The healthcare setting is plagued by numerous distractions that result in compromised patient outcomes. The rate of distractions and interruptions depend on the amount of activity and technology used. High-risk departments in a hospital setting include emergency wings, pediatric units and surgical rooms (Rivera & Karsh, 2010). Unfortunately, the areas that experience most distractions actually require utmost level of concentration. Potential consequences of these interruptions are thus dire. Technologically-related disruptions include alarms and phone alerts (Sendelbach & Funk, 2013). Noise from other people also contributes to interruptions within clinical settings (Rivera & Karsh, 2010).
Nurses, technicians, and pharmacists are at the receiving end of many distractions. A serious consequence of disruptions among nurses is alarm fatigue (Sendelbach & Funk, 2013). It is defined as the desensitization to alarm noises in the clinical setting because of over-exposure to them (Ruskin & Hueske-Krau, 2015). The major culprits are cardiac alarms and security alarms in the hospitals. Most of these alarms are even not called for. Evidence from the American Association of Critical-Care Nurses shows that between 72% to 99% of alarms in the clinical setting are false (Rivera & Karsh, 2010). This sets up a dangerous precedent because when nurses come to that realization, they will tend to ignore most alarms, even genuine ones.
This situation presents a legal and ethical dilemma when patients die due to deliberate negligence (Monteiro, Avelar, & Pedreira, 2015). The nurses had an ethical obligation to respond to the alarms, but there is also the practical reality of the nature of alarms in the hospitals. Is this kind of negligence punishable at face value or should it be assessed within the context of alarm fatigue in hospitals? Evidence suggests that alarm fatigue is the top-ranked problem in most clinical settings regarding patient safety (Ruskin & Hueske-Kraus, 2015). For instance, a study of the intensive care unit at John Hopkins Hospital revealed that hospital staff was faced with 350 alarms for each bed on a daily basis (Monteiro, Avelar, & Pedreira, 2015). This presents a systemic challenge that ultimately leads to compromised patient care.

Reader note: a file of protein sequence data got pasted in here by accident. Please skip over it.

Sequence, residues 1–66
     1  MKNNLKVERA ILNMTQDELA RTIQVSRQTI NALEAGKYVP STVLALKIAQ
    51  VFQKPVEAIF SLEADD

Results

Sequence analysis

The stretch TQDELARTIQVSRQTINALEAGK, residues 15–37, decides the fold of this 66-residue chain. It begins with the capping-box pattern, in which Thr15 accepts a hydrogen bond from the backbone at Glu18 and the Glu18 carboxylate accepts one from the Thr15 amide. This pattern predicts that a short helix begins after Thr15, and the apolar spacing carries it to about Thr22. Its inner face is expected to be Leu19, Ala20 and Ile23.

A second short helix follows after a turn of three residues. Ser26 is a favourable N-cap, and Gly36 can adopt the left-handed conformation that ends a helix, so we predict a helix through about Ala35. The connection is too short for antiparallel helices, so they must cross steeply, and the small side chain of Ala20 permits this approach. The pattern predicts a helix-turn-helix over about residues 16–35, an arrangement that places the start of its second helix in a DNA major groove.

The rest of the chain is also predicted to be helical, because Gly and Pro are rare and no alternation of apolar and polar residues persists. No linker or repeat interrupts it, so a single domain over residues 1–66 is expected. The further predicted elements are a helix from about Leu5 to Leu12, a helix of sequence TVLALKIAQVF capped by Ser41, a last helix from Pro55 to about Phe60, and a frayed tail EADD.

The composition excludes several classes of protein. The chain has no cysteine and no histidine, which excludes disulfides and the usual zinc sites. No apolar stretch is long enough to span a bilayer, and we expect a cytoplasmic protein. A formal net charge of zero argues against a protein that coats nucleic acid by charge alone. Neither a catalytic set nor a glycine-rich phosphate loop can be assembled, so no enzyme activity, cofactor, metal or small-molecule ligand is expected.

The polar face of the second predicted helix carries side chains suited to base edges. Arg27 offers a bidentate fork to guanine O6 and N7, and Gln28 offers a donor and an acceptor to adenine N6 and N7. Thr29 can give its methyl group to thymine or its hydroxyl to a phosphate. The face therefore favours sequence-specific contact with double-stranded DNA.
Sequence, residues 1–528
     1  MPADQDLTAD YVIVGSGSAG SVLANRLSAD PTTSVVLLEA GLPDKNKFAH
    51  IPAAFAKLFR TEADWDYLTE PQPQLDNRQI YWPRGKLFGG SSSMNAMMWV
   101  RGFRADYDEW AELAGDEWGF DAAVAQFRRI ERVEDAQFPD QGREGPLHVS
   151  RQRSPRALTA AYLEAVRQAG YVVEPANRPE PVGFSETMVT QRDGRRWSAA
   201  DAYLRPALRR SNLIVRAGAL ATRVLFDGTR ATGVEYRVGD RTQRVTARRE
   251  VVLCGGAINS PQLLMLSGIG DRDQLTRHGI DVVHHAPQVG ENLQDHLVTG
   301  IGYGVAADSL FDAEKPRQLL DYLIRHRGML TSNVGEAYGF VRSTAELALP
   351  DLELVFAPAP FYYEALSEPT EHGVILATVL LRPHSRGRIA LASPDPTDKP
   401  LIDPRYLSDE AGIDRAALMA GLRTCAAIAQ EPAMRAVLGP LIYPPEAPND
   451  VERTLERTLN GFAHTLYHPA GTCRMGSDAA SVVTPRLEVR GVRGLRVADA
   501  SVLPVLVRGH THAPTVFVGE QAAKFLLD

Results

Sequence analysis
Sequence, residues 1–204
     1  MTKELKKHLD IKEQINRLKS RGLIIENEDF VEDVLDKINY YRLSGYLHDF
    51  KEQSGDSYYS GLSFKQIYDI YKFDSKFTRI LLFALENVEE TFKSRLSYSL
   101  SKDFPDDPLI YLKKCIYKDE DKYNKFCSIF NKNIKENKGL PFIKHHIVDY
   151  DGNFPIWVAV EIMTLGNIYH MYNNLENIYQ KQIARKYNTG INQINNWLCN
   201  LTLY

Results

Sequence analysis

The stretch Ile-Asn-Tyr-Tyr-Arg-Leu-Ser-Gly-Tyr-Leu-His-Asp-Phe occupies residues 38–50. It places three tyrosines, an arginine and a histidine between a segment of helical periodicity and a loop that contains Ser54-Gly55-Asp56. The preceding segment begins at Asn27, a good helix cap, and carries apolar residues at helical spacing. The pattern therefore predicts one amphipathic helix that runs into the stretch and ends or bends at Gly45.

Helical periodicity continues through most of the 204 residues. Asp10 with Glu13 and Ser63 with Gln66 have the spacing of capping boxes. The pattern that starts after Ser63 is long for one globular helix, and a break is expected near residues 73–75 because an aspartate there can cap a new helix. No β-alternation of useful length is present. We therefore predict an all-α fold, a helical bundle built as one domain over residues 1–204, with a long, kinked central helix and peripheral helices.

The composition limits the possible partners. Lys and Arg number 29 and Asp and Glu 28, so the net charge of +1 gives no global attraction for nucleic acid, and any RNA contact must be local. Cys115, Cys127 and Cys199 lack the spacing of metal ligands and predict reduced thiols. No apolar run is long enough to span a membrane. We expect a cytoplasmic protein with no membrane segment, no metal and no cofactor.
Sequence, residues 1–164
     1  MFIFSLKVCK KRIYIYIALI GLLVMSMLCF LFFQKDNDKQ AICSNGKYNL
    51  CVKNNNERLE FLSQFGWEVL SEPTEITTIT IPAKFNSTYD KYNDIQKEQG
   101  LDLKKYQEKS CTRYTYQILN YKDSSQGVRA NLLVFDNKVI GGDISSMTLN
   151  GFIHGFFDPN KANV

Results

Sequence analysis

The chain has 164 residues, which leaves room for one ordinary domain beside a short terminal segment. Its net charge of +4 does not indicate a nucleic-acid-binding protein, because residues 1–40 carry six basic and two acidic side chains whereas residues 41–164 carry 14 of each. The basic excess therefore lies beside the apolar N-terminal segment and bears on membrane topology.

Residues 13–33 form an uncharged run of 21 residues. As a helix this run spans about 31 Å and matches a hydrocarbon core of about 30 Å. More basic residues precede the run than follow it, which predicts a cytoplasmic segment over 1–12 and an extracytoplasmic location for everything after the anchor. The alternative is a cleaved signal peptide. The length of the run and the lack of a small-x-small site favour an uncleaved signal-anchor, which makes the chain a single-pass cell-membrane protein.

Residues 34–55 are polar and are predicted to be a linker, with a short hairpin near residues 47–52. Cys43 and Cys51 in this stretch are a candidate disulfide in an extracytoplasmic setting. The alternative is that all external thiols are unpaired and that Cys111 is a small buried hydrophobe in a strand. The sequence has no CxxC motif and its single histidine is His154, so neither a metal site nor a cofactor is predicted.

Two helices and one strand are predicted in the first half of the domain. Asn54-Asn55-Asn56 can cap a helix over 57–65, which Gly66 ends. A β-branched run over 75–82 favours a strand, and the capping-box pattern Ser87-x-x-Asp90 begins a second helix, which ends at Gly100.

Monteiro, C., Avelar, A. F., & Pedreira, M. d. (2015). Interruptions of nurses' activities and patient safety: an integrative literature review. Revista Latino-Americana de Enfermagem, 169-179.
Rivera, A. J., & Karsh, B.-T. (2010). Interruptions and Distractions in Healthcare: Review and Reappraisal. Quality & Safety in Health Care, 304-312.
Ruskin, K. J., & Hueske-Kraus, D. (2015). Alarm fatigue: impacts on patient safety. Current Opinion in Anaesthesiology, 685-690.
Sendelbach, S., & Funk, M. (2013). Alarm fatigue: a patient safety concern. AACN Advanced Critical Care, 378-386.
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